Now, with a pretty-dang-important Game 2 looming, the team can take the court with a slightly lighter weight on its shoulder. Durant said in his speech this was the first year he didn't put basketball first, that he had a new sort of peace on the court all throughout. Maybe the ceremony will help the team realize the same thing: it's just basketball, and they're all really good at playing it.

For the sake of providing some actual basketball insight, though, here are a few things to keep in mind as the Thunder looks to even the series.

Why the Thunder can win:

JA made a great point in the Game 1 recap about keeping perspective, pointing to Miami's blowout loss to San Antonio in last year's Finals. It's something to keep in mind because, as he wrote, good teams have bad nights. At the end of the day, Chris Paul got historically hot, the defense never really came together, and the Clippers just turned the game into shooting practice.

That's not to say OKC can't adjust. They got run pretty badly in a February contest against this same Clippers team inside this same arena. A little over a month later, they went into the Clippers house and did a pretty good job shutting down their offense and came away with a win themselves.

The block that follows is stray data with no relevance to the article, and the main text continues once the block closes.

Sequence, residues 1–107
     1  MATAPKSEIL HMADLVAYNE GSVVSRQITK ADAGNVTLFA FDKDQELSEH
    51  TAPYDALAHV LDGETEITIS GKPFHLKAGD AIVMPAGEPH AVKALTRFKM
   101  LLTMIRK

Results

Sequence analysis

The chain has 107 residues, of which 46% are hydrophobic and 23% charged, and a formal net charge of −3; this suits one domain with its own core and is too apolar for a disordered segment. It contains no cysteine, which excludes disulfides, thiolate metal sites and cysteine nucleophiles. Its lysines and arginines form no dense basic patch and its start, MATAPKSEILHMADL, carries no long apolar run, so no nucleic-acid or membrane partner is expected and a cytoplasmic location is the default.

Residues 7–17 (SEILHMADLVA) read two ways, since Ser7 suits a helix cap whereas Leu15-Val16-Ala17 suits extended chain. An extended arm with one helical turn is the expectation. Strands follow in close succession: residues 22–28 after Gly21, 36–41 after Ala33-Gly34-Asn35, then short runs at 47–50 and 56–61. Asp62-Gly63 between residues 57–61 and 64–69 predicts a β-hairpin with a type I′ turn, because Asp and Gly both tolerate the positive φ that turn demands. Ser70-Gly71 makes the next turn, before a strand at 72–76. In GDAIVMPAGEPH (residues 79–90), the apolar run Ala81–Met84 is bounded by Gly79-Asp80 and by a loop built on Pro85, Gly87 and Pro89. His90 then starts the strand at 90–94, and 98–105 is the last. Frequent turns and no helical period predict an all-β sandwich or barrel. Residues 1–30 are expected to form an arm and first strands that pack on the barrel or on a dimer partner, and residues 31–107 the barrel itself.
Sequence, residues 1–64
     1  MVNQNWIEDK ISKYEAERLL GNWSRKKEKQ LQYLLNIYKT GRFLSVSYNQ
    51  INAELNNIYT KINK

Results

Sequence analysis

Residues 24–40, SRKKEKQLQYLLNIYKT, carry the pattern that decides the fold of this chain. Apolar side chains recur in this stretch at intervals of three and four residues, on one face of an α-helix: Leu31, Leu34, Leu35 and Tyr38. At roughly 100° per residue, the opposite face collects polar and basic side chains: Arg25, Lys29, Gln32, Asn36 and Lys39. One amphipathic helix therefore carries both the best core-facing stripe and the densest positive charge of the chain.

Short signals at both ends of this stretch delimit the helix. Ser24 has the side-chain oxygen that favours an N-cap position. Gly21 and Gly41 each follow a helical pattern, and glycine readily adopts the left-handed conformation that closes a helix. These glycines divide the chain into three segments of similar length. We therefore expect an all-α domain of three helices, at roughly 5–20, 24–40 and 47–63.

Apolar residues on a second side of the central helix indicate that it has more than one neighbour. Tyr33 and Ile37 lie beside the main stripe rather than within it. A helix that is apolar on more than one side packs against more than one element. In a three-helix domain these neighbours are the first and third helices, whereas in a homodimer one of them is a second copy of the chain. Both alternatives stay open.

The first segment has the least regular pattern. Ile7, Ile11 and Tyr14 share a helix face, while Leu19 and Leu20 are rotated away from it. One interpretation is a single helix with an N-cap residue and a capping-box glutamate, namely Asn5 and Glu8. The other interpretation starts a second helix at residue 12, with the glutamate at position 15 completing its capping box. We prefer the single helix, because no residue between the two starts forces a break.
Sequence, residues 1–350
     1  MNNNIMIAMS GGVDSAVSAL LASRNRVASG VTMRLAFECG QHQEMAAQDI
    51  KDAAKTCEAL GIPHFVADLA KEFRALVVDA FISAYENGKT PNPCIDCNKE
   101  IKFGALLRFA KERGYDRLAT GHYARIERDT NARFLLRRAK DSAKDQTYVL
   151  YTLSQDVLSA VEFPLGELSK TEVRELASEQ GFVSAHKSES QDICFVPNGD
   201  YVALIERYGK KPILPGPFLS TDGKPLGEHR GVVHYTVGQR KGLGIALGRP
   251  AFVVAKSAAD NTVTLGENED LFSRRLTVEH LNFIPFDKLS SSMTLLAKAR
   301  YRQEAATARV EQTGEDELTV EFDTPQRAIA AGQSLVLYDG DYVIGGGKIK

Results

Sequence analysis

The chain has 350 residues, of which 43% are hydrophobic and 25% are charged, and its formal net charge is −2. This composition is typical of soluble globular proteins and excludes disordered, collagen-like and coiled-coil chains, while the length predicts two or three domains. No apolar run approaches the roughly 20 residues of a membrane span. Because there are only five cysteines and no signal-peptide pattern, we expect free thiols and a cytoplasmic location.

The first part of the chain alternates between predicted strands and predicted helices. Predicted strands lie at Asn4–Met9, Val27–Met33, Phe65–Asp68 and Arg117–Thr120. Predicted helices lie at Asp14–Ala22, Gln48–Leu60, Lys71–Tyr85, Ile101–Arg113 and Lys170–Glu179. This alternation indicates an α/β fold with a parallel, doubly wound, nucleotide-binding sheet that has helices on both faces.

The point is, these teams are both capable of beating each other on any given night. OKC can lose by 15 one night and win by 15 the next. It's going to come down to focusing on defense, though.

Russell Westbrook was torched in the pick-and-roll, never really committing over or under screens, and allowing Chris Paul to just take over as floor general. He also got caught doing his patented "let the point guard by and try and poke it away from behind" move a few too many times. It's such an unnecessary gamble, particularly against Chris Paul, who is way too crafty for it to work consistently at all.

More than that, Westbrook simply got lost on defense way too often. Anthony Slater of The Oklahoman had a great breakdown of the defensive lapses as a whole, and it's certainly worth a read to see just how frequently guys were caught out of position. Heck, just watch all of Chris Paul's makes, and you can find a Thunder defender out of position on pretty much every one.

I don't mean to pile it all of Westbrook, either, because the defense as a whole was a bust outside. But there are two examples that jump out as to just how out of position Westbrook was at times.

Here you see how Westbrook's tendency to gamble backfires. After his man gets through and Butler switches, Westbrook gambles and tries to surprise Paul, hoping he can disrupt a pass. When he doesn't, it's up to the rest of the defenders to rotate while he stands and ball-watches.